On the other hand, a thousand filmmakers have made hard-boiled gangster sagas desperately hoping to be the next Scorcese, and how many of them even come remotely close to Goodfellas? Not a single one in my estimation.
This might as well be the final showdown. Both are in my top 10 of all time. Both have shaped my film worldview. I remember being 15 and cleaning the entire house to earn the 20 bucks to buy the Goodfellas DVD. I asked my parents if it was too late to be a gangster.
On the other side of that coin is Pulp Fiction. The most highly quotable film and quite simply the most Tarantino, Tarantino movie. I can't imagine a world without this work. And if there is a world where I have to choose between these two films, Go get your friggin shine box, Adam and Josh. Pulp Fellas 4 life.
You guys are cruel! This is too hard. I voted four seconds ago, and I can't even say with certainty which film I clicked. It was a blur. It felt like choosing a digit to retain. I probably saw these films within a month of each other in my junior year of high school, and they turned me on to movies as more than an entertainment, but a way of life. I am a child of two cinematic fathers, and they are Marty and Q. Forget Sophie's Choice, this was killing a parent. You bastards!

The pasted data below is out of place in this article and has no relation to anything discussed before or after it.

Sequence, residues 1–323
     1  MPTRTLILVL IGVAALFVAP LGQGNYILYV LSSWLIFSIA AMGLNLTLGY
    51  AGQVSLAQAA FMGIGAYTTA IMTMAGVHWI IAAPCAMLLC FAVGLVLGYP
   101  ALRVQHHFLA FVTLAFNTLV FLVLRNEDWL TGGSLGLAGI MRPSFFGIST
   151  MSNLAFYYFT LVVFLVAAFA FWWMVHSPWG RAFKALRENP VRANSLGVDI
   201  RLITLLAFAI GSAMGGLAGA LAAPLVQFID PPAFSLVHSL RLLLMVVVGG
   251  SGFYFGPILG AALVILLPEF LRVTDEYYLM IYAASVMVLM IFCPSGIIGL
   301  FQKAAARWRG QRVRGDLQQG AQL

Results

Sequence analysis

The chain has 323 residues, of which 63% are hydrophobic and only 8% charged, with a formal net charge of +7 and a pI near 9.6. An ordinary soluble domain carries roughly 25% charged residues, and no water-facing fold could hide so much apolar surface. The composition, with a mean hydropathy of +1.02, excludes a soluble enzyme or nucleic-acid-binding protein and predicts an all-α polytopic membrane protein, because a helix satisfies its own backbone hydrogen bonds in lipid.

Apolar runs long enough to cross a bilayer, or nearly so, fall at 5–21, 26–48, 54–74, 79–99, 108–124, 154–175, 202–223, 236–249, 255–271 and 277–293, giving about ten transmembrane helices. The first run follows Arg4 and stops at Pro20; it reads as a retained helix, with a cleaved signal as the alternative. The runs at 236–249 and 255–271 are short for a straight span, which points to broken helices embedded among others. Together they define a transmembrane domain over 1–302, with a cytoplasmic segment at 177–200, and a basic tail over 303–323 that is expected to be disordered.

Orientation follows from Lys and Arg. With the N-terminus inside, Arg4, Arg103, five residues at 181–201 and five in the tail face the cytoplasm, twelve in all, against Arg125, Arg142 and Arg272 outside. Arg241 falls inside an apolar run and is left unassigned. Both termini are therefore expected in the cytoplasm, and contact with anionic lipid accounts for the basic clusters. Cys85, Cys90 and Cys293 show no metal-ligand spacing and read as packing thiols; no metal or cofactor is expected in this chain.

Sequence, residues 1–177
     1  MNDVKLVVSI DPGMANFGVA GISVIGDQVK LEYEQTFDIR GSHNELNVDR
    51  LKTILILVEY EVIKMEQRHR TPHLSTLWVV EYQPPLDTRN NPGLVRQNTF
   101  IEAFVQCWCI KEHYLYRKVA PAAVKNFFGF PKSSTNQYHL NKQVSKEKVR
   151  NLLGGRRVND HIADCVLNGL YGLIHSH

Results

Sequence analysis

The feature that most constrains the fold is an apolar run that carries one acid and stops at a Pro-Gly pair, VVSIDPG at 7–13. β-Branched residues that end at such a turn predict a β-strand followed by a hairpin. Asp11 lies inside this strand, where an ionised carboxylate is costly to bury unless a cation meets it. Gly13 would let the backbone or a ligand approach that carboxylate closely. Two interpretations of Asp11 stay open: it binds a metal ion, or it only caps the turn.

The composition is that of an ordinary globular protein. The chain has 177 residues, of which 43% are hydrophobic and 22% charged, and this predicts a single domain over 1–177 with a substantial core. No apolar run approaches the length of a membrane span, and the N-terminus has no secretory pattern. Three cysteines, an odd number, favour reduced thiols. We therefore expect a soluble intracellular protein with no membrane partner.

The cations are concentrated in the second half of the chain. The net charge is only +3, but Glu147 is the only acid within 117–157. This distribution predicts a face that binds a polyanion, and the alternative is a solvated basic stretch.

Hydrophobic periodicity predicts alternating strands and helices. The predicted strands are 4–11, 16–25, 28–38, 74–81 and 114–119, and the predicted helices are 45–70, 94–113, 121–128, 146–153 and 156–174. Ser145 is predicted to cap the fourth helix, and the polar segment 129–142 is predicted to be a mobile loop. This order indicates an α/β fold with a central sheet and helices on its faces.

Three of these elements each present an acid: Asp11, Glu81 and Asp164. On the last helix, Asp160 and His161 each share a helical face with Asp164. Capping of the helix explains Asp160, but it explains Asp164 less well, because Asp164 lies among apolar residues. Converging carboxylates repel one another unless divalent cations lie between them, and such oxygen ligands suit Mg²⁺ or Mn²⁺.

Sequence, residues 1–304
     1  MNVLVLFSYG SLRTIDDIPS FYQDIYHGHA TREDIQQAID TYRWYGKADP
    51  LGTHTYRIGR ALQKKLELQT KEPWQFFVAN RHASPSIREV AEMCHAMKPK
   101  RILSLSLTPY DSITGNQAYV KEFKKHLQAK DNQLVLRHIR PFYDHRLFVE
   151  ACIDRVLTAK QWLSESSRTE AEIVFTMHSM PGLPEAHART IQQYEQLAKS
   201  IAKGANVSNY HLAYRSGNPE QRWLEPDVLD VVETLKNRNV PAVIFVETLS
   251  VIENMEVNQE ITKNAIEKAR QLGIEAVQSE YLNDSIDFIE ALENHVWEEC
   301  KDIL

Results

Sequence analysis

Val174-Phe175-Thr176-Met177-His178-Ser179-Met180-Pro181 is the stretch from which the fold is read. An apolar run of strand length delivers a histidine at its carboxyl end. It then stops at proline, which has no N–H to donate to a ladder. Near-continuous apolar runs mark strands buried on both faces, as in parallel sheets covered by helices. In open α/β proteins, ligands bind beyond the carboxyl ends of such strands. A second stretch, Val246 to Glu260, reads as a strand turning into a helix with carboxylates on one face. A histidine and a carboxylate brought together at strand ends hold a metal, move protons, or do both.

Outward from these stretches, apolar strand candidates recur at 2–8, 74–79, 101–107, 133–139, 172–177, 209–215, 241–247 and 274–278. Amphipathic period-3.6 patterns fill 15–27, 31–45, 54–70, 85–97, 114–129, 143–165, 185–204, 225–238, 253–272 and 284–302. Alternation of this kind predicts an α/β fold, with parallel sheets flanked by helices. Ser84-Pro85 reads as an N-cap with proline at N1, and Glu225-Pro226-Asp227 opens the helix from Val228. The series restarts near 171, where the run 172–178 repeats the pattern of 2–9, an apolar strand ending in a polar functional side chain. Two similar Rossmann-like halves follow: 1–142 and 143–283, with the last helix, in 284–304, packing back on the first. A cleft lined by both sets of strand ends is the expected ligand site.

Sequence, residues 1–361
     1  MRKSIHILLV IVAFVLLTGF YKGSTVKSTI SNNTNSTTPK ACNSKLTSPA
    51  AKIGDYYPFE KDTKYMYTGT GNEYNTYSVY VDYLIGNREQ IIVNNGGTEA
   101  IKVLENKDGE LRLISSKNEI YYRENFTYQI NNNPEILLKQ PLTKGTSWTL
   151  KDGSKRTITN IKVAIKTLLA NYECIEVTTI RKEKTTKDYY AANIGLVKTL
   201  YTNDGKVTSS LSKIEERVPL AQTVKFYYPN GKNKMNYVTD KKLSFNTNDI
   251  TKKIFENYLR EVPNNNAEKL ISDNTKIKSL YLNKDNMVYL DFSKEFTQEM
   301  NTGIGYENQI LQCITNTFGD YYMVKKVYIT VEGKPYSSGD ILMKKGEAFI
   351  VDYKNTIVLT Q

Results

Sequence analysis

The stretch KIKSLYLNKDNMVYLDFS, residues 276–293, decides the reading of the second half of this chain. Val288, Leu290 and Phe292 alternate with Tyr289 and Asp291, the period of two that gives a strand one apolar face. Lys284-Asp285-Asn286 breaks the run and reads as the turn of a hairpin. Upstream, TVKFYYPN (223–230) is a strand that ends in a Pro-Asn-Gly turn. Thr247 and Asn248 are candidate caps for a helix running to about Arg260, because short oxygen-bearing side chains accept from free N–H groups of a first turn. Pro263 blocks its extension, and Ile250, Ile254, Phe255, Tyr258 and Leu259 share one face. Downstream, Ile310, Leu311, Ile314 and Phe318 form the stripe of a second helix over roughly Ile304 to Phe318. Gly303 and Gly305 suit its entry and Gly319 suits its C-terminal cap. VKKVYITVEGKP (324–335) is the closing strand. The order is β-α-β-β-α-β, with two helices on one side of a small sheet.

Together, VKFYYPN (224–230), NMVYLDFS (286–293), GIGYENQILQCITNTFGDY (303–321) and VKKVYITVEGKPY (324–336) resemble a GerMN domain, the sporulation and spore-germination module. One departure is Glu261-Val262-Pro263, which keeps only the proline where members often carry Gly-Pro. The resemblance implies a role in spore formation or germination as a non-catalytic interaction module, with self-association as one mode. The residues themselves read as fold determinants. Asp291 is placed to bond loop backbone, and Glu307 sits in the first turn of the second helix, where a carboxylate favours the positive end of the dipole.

This felt like an impossible decision, and then I remembered Tarantino's cameo.
Wow, this shook me... it wasn't head vs heart so much as soul vs sanity... To not vote Pulp Fiction felt like ignoring the core of my being as a cinephile but I could not rationalise denying Goodfellas continuation in this gut punch you call a tournament.
Tatantino's scene in the penultimate act shreds the legacy this film could have had.